Problems I've come up against:

Wind range: Single skin single line kites have very high lift coefficients (pulling maybe 3 times as much as a ram air kite of similar dimension) and they are more aerodynamically efficient (flying at a much higher line angle), but they require multiple bridle settings to cover the necessary wind range. This problem has been perhaps 90% solved by the development of automatic bridle adjusters - though the last 10% is always the most difficult. Autonomous bridle adjusters let out the leading edge as the kite's angle of attack decreases. There are two current systems: One links to increasing kite pull. This is a 'false' input when the kite is stalled at high angles of attack (like at launch) because the leading edge should then be pulled in not let out. But it is surprisingly effective, enabling a single setting range of 10km/hr to more than 70km/hr for Octopuses and 60m Serpents. The other uses braid bridling to the kite's trailing edge, rigged to let the leading edge bridles out as the drag on the braids increases. Called 'aeolian bridles', they have their minimum drag when the kite's surface is square to the wind, so are an excellent proxy for angle of attack. With both of these systems, detail design is crucial. So far, for the 60m Serpent, 10 or more bridle settings have been reduced to just 3; 7km/hr to 12km/hr, 9 to 20, and 10 to >70 (approximately). Perhaps with very careful design, one setting may be able to cover the entire range- a required feature for successful pilot kites.

Boomers and 1Skins suffer from 'diving over'- a tendency to dive off to one side or the other which increases in likelihood with increasing wind speed. This has been tracked down to compressive buckling in the skins and leading edges which, when asymmetric, causes the kite to fly off to one side. Skin buckling was eventually overcome by minor changes in shape and bridling. Tails also reduce chordwise buckling by the simple expedient of pulling on the kite's trailing edge. Leading edge buckling of single skin single line kites that don't have bridle supported leading edges has so proved unsurmountable making them unsatisfactory except in smooth mid-range winds. A question is why this is so, seeing as successful single skin steerable kites and paragliders use 1Skin type leading edges? There are two reasons. Firstly, when steerable SS wings buckle, the operator instinctively increases tension on the brake lines to recover them- which can't happen for autonomous flying single line kites. Secondly, single skin power kites and paragliders use stiffeners (typically weedwhacker cord or dental wire) to form their leading edges and to spread bridle loads. To date in this quest, I've avoided using stiffeners so as maximise my understanding of how to hold shapes solely by pressure differences. Nor do people who have tried stiffeners in 1Skins report this as a cure for diving over. I expect that to completely eliminate buckling, the entire leading edge would need to be quite rigid.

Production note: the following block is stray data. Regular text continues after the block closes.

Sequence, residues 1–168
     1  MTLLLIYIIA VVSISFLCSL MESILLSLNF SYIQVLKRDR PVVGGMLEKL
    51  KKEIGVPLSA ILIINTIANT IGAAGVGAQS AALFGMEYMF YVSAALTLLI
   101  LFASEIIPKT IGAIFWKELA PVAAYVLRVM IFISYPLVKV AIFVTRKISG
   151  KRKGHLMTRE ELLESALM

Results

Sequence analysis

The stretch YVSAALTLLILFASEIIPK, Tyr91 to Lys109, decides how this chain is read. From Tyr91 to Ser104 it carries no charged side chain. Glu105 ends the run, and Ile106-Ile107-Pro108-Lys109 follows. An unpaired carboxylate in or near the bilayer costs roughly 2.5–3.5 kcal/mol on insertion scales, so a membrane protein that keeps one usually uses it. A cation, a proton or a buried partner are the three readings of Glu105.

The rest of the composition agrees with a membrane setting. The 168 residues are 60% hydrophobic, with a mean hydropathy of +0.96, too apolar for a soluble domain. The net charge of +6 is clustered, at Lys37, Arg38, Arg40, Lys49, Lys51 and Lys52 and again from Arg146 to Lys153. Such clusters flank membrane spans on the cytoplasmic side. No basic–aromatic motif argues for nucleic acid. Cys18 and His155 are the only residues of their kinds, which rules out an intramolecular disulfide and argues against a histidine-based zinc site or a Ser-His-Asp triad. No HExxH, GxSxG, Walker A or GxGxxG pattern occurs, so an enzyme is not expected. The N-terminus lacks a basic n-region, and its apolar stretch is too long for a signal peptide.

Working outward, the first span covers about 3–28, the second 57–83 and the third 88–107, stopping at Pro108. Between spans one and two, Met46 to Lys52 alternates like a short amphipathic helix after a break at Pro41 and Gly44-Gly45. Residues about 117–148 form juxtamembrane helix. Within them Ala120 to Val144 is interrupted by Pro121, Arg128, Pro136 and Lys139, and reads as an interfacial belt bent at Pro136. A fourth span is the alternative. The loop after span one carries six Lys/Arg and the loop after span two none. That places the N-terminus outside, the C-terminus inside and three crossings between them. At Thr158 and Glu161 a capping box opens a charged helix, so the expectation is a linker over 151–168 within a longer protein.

*Leading edge buckling is therefore the major remaining barrier to successful single skin pilot kite development. Fortunately, Octopus, Serpent and Ray style SS kites with bridle supported leading edges fly in every practical wind speed without ever 'diving over'. When their leading edges do buckle in, supporting bridles quickly pop them out again.

An additional requirement for all-purpose SS Pilots is that they must also be able to fly tailless. This is because tails cause a problem when launching from boats and jet skis for Tow Shows- and single skin kites have a major advantage in this application because they 'inflate' and fly immediately. For over-the-ground uses, a Serpent head with a short ribbon tail would be a satisfactory pilot kite if the current 3 bridle settings could be reduced to just 1.

Two tailless possibilities; a 1Skin layout with bridle supported leading edge, and a sled style with bridle supported leading edge and centre (see photo). One or both of these may eventually succeed, but the bar is very high because not only do they need to fly at a higher angle than ram air pilots, but they also have to hold this angle more reliably because SS show kites can collapse unrecoverably if a kite above them drops to a lower angle- a daunting requirement.

As I said when I started this SS project some 7 years ago, at least I know what I'll be doing for the rest of my life. I wasn't wrong!

Peter Lynn, Ashburton, New Zealand, February 29th  2020

Note: From now on I'm thinking to put this newsletter out through PL Kites only when the subject has some kite relevance. Newsletters with other topics (and the kite ones) will be posted to as always.